I was out pulling some weeds in our yard jungle one day this week when I suddenly realized there was a high-pitched peeping sound coming from the stand of Common Milkweed a few feet away. It didn’t sound like any insect or frog I recognized, so I eased around the milkweed stems and was surprised to see what I assume was a young Ruby-throated Hummingbird perched on a plant support. It was incessantly squeaking (or peeping, not sure which best describes the noise it was making). I stepped a little closer, wondering if the bird was okay, and it just turned its head, looked at me, and continued squeaking. So, I went inside, grabbed my camera and phone, and came back out. Yup, still squeaking.

A Ruby-throated Hummingbird (possibly a young one) sitting on a metal plant support in my yard (click photo to enlarge)

I took a few pictures with my DSLR and a macro lens and then decided to do a quick iPhone video to share.

–I heard the squeaking and walked over to find this hummingbird peeping (iPhone video from about 3 feet away)

A few seconds after I finished the video clip, the bird lifted off and flew to a nearby tree branch, at least confirming that it could fly. I went about my yard work and encountered this little hummingbird a few more times, usually down low near or, on one occasion, sitting on one of the hummingbird feeders. It was perched a bit awkwardly, up on top of the feeding port instead of on the foothold in front of the hole. I watched it feed for a minute or more (a long time for a hummingbird to feed). I was standing only a couple of feet away and I guess I was too close for the other hummingbirds to swoop in and chase the little guy off. I’m not sure if this was a young fledgling bird begging for food or what it was doing sitting there squeaking so much. We have four feeders out and a bunch of summer blooms right now and the yard has at least 6 or 7 hummingbirds that are constantly doing battle for supremacy at the feeders. I wonder if this little guy has just been intimidated to the point that it is difficult for it to feed. If anyone has any experience with this type of behavior in hummingbirds or any other thoughts, please post them in the comments.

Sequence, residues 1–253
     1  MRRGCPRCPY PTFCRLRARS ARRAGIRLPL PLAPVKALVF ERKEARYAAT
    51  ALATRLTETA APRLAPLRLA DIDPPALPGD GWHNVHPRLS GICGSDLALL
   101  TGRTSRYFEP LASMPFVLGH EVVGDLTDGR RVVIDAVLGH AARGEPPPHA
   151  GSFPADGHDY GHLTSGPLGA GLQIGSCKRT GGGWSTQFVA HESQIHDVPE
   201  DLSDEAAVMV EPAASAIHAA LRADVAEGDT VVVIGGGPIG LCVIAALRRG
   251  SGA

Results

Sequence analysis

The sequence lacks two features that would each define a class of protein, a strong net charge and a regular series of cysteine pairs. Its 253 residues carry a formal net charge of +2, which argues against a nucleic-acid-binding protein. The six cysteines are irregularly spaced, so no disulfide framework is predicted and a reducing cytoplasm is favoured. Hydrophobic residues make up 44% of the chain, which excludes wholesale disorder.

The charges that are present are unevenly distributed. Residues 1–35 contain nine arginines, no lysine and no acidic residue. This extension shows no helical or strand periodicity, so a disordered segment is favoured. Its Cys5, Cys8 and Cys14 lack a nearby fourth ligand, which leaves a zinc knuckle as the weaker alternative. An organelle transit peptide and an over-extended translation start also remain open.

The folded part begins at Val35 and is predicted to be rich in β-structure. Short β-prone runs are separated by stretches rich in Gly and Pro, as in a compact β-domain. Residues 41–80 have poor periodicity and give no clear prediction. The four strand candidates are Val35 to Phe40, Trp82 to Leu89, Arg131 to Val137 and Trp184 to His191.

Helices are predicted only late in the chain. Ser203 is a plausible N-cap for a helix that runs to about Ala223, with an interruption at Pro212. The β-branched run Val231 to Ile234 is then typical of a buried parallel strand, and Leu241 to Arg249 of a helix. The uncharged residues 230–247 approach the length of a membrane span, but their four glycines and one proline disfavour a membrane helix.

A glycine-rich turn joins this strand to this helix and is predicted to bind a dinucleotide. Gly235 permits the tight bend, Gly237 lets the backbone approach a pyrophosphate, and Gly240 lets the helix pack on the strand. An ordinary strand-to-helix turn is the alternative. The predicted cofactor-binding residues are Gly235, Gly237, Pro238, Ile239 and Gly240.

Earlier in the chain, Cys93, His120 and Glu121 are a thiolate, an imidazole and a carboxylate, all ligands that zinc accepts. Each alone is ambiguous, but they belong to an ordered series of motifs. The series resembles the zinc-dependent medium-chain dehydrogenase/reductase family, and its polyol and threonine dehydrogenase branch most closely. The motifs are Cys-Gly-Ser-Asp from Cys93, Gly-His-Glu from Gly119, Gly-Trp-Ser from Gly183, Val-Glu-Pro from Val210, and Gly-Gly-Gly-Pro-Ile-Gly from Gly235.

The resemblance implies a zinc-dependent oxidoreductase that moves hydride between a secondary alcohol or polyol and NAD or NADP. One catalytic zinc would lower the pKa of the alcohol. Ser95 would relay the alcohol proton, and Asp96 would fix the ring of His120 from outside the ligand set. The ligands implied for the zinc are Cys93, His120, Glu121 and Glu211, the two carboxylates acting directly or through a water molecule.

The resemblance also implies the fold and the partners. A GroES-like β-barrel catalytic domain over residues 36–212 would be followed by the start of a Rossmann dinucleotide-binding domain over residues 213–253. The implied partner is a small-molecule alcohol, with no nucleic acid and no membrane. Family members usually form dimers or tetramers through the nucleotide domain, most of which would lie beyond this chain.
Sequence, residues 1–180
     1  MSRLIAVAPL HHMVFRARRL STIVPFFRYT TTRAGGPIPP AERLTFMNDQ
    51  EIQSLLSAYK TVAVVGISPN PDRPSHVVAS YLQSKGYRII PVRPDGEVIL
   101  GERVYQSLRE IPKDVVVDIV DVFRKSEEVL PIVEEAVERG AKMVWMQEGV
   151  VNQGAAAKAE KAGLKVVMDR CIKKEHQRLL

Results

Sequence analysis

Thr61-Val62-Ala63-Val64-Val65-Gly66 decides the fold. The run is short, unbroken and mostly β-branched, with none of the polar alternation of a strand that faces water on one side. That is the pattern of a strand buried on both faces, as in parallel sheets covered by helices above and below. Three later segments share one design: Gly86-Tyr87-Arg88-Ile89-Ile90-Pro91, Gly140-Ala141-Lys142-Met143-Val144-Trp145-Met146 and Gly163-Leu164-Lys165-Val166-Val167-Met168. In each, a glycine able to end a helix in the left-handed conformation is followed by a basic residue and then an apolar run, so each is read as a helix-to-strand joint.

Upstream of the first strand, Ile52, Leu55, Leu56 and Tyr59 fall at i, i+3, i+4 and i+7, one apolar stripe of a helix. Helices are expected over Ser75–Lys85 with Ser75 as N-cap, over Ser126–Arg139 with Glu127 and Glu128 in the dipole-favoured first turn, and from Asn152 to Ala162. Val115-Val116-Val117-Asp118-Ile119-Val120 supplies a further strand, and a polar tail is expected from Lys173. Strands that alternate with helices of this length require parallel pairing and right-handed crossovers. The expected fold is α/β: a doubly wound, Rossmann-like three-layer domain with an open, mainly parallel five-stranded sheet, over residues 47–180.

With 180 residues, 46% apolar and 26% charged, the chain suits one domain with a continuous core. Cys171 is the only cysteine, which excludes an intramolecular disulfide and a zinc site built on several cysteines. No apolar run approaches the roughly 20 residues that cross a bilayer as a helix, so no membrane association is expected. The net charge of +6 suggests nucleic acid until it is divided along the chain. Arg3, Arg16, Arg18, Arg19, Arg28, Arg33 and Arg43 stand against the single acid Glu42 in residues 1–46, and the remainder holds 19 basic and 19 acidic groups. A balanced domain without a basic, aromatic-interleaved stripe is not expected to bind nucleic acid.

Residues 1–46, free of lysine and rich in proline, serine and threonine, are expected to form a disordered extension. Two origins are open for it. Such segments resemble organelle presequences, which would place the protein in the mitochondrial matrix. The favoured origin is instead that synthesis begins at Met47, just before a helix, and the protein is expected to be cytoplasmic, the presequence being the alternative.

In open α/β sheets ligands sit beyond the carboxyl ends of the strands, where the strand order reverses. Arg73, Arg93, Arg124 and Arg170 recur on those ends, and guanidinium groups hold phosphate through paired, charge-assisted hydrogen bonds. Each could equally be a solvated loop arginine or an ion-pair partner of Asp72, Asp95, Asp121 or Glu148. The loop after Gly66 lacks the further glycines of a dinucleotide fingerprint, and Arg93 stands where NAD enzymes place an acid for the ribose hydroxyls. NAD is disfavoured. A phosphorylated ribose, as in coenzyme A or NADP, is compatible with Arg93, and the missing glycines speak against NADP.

Humming Along

One minute poised in midair, apparently motionless before a flower while draining the nectar from its deep cup—though the humming of its wings tells that it is suspended there by no magic—the next instant it has flashed out of sight as if a fairy’s wand had made it suddenly invisible.

~Neltje Blanchan, 1923

hummingbird at feeder

Hummingbird on a feeder (click photos to enlarge)

It seems the hummingbirds have been zipping about the yard with added intensity these past couple of weeks. Maybe they are like me and it is the heat that is making them grumpy. Or maybe they know the season is about to change, and that they will soon need to move on, so they had better stock up for the long flight. Whatever the reason, it has been quite a show at the feeders and flowers scattered around the yard. I typically see 4 or 5 of the tiny jet fighters at once, meaning there are probably 4 or 5 times that many around the yard. Our place is so shaded that it is hard to find a good sunny spot to photograph them other than in the morning, when the sun highlights the pathway to one of the feeders on the front porch. The past few days have found me standing out in the yard, watching their comings and goings, and trying to capture a few moments of their hectic lives.

Hummingbird silhouette

Hummingbird surveying his domain

Hummingbirds tend to perch near their favorite feeders/flowers, guarding them against interlopers that might get some of “their” nectar. One bird likes a particular dead branch hanging out over the front walkway.

Hummingbird releasing liquid waste